Due to a Spinal Tap esq’ rotating door of members, Bury Me With My Money have been accused of biding their time over the past two years… However, during a small window of opportunity in the unforgettable year of 2020, the band did manage to find their feet long enough to record an appropriately named EP Life as it Comes.
Bury me’ experienced major turbulence during the first few years of coming together. The band saw the coming and going of three drummers until, in late 2019, they found someone with more permanence in Galwegian Adam Downey (best known for his work with Tracy Bruen & Jamie Harrison).
This same settling period saw producer Joseph Padfield, who joined lead singer Tomás Concannon at the band’s inception, make the move from synth & sample wizard to bass player alongside long standing guitarist Oísin Brennan. Padfield’s move to bass left a gaping synth shaped hole in the band, one that was eventually filled by an Australian who only landed on Galway’s shores the first week of Ireland’s covid lockdown: Dylan Hooper. Hooper remained with the band for less than a year, but this was just enough time for the 2020 Bury Me With My Money line-up to complete work on their second EP Life as it Comes.
The new release from the five-piece is a move from the longer, more experimental arrangements of Karosi, to shorter, more focused songs that could be accused of being pop tunes. The production and arrangements show much more punch and purpose this time round too, perhaps showing signs of a more defined “Bury Me” sound.
Life as it Comes – Track by Track
The opening track ‘Level 2’ softly introduces you to the EP with a sizzling synth pad sound. Then, like a marching band kicking into action, a strong heartbeat rhythm lays the foundation for dueling synth/guitar melodies that continue to do battle throughout the song. This creates a sense that there are two forces at odds with each other, yet working together in harmony. This theme is reflected lyrically as Concannon sings about disconnecting from the battle between the stress and strain of modern life. Instead, relax into the flow of life and accept the constant flux of existence.
‘Primitive beat’ looks at the idea of a habitual daily rhythm of work & sleep that is within us all. The tracks’ droning chorus and militaristic beat enforces the idea that this unspoken pattern of behaviour has been exploited, forcing us to unconsciously conform to a commercially driven & capitalist society. The lyric “reward on a string, that seems to go on and on…” evokes the mindless, cyclical nature of our actions and how ultimately this is an empty journey that promises reward but generates very little.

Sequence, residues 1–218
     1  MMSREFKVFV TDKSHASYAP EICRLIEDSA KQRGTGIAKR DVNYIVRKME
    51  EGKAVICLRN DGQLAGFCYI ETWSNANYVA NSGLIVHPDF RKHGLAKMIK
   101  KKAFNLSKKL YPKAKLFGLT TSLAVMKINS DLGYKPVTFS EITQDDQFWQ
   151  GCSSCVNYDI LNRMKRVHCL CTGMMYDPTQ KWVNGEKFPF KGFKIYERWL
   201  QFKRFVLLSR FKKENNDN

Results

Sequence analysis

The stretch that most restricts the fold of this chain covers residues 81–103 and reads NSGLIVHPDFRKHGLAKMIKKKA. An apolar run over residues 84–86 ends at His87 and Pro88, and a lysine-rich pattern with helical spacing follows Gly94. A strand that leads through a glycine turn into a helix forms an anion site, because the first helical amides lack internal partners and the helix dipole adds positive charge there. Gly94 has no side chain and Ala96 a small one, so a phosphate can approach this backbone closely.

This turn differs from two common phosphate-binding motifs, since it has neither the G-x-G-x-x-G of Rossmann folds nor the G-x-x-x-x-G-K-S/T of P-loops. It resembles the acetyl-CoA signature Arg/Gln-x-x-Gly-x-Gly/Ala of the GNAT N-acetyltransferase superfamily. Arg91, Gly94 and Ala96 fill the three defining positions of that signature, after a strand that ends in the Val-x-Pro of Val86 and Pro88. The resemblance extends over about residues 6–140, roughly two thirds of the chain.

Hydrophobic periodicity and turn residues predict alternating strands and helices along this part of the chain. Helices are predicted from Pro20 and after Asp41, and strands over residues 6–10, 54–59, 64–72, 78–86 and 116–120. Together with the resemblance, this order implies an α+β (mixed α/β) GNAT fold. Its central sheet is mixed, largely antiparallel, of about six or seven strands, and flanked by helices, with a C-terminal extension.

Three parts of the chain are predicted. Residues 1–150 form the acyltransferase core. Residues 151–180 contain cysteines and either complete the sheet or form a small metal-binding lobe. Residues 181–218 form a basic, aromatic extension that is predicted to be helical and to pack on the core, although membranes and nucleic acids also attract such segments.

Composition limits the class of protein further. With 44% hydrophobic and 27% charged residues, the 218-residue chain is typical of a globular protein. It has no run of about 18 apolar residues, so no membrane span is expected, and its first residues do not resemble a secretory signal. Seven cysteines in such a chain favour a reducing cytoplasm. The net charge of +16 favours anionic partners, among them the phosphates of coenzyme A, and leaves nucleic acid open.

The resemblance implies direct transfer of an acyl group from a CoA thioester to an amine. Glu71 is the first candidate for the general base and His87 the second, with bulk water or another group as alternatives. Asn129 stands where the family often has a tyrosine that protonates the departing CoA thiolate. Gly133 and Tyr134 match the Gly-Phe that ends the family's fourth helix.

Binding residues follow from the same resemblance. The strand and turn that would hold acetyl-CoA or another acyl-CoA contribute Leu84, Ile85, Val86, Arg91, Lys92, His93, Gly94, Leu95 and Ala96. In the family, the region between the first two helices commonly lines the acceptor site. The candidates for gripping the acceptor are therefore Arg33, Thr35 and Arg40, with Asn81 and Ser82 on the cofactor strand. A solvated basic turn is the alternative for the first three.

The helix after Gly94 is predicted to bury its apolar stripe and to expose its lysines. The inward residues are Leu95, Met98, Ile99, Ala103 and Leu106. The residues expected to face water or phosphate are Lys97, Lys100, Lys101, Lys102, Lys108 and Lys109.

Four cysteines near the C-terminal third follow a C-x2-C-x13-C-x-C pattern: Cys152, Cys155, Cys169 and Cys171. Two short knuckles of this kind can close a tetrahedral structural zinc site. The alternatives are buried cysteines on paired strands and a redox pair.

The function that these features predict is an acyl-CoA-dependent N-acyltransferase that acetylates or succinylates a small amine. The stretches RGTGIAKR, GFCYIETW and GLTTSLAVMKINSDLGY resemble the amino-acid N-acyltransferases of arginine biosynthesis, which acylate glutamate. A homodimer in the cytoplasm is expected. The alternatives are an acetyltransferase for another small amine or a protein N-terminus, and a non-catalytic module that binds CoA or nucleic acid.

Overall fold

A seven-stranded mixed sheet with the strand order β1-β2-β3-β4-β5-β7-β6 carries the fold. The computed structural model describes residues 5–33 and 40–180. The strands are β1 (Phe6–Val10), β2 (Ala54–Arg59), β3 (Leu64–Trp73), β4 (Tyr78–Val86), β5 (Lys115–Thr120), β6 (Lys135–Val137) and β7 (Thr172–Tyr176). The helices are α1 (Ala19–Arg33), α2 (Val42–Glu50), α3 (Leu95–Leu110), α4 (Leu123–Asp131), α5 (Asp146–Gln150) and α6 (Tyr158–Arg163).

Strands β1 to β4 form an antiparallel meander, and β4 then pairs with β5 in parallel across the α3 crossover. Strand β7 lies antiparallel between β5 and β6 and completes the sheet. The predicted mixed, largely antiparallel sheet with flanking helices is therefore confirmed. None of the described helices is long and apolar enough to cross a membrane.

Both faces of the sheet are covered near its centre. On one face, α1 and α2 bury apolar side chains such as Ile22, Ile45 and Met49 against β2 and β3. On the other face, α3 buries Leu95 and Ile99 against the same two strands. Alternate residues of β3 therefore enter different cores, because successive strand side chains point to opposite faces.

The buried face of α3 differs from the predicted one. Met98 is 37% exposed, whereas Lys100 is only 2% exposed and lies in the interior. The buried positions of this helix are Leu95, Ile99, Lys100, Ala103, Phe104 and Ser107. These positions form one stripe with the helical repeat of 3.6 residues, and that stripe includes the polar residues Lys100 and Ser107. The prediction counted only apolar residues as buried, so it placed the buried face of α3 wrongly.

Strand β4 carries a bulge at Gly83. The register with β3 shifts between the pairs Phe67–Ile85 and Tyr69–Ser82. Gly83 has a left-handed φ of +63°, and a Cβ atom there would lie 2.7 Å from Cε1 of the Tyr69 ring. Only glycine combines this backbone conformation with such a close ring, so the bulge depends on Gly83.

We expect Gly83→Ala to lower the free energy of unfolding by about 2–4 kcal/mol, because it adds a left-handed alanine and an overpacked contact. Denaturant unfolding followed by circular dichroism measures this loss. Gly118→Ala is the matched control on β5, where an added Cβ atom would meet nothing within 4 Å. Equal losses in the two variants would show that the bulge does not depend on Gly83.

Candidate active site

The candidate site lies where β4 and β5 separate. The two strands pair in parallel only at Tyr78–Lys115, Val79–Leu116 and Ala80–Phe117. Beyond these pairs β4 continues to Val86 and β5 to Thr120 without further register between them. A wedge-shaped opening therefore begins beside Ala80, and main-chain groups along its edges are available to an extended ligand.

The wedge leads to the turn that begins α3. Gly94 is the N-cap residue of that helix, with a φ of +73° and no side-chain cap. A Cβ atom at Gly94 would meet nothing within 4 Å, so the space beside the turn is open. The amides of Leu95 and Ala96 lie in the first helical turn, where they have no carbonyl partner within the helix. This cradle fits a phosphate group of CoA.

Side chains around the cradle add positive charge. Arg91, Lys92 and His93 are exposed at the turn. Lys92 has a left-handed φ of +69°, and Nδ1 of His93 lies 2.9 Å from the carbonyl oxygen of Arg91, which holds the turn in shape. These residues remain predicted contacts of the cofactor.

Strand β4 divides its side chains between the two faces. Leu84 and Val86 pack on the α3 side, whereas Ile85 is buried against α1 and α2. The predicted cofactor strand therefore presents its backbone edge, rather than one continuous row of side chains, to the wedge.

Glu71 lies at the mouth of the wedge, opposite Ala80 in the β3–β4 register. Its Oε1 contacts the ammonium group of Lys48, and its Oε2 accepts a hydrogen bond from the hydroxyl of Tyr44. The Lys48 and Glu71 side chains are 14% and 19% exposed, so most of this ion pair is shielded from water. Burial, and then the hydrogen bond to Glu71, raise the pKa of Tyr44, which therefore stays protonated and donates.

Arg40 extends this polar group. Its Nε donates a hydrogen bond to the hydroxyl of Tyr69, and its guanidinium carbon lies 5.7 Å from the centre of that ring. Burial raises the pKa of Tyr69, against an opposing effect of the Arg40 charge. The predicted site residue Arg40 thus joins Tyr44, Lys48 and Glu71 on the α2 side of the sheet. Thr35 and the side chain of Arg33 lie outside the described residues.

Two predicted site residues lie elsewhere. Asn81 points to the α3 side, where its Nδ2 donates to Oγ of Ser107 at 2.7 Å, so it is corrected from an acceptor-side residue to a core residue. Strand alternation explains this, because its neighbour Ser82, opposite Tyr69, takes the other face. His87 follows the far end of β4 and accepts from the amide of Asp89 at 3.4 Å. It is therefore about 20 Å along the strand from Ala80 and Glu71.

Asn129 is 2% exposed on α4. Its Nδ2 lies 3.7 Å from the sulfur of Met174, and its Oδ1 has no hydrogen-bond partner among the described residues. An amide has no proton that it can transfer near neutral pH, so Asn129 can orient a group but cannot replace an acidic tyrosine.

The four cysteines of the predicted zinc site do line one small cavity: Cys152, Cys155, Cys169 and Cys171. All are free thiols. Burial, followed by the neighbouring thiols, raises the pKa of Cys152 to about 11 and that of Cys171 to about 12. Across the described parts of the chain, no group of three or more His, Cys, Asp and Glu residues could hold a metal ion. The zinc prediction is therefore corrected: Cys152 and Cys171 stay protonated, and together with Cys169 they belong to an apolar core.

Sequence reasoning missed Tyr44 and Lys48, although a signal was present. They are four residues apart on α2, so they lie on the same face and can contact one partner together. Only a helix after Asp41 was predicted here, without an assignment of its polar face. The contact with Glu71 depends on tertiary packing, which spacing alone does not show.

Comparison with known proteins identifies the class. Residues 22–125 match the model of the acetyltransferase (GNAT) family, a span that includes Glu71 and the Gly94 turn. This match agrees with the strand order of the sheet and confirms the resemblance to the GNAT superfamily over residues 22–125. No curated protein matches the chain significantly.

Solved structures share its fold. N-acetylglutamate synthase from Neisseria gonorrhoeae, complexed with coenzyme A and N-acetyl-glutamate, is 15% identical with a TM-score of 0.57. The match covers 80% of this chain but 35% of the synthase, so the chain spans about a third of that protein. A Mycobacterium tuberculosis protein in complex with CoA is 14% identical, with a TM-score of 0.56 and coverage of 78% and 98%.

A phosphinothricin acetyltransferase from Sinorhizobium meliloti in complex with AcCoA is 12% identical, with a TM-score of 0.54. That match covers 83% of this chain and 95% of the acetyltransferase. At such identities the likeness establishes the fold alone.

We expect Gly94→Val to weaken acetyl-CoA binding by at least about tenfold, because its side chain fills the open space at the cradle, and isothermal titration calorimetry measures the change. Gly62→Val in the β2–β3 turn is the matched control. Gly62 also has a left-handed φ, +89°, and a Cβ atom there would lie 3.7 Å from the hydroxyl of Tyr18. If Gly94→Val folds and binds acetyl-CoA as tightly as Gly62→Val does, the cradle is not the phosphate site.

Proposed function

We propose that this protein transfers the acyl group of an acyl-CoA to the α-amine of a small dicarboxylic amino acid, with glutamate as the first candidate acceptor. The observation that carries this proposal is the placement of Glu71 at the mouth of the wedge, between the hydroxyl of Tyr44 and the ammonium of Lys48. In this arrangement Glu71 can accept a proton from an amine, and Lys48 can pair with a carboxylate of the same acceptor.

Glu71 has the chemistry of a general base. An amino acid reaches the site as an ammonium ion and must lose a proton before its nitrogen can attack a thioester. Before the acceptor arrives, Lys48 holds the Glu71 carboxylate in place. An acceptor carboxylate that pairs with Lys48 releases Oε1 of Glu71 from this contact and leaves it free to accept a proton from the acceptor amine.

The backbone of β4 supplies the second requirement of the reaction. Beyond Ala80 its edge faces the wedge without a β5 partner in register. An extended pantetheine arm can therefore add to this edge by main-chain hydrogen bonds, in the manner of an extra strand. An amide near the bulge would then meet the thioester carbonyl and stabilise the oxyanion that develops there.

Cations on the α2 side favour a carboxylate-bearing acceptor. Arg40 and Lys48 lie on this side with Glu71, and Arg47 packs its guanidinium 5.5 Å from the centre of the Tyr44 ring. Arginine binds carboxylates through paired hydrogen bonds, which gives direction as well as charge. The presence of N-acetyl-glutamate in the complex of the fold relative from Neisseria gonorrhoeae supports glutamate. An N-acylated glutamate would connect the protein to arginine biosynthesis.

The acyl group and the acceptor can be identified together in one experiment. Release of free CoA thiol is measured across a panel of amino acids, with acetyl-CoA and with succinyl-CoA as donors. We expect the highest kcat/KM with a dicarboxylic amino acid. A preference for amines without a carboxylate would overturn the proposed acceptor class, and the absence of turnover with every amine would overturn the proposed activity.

‘Play Thing’ was the first single released from the EP. It’s a sarcastic & simple “love song” that speaks of the entrapments of a relationship in which the individual places value on the other’s beauty, power or financial stature too heavily. It talks about trying to achieve love through lavish gifts and big gestures. How love is often exploited or used as leverage in a relationship and the unhealthy nature of this dynamic.
The fourth track, ‘Trainspottin’, is a song of regret and hard learning. The alluring canter of the opening rhythms reflect the first theme that we can be happily lured into an unhealthy social situation, in which debauchery is encouraged. However, this energy eventually fizzles out and drains you, leaving you searching for someone that can help lick your wounds. In reality, this translates into too much fun on a night out and returning home with your tail between your legs, but still being greeted with love, comfort & forgiveness.
‘What I got ain’t so bad’ is a song about attempting to numb the reality of our problems and how it serves to worsen our issues. The song talks about the love/hate relationship with drugs and alcohol and how their severe effects allow you to temporarily escape the difficulties of life. The suggestion is that the use of drugs can provide relief from everyday stress, but also cloud your mind from the problem. The final track titled ‘Why’, closes the EP with a stark, yet melancholy view on mental health and depression. The song talks about how hard it is to simply get out of bed some days and how heavy life can weigh us down. However, comfort can be found in the idea that this is a part of the human condition we all experience, perhaps influenced by our true ideals and how these fit with our reality. The suggestion instead is to attempt to just sit here and watch the world go by.
This theme of simple detachment from life’s worries brings the listener back to the opening track and the suggestion to simply disconnect from the unnecessary stress of life in the modern age, drop the ego, relax, and just take “Life as it Comes”.